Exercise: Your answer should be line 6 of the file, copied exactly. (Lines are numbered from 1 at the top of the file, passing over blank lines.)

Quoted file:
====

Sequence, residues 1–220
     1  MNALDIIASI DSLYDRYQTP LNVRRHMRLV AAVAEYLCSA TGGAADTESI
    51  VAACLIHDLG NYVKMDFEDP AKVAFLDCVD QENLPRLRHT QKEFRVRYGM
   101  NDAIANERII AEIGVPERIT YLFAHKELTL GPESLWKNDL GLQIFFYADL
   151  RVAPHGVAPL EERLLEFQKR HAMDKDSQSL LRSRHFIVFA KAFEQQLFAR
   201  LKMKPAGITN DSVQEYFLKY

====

   201  LKMKPAGITN DSVQEYFLKY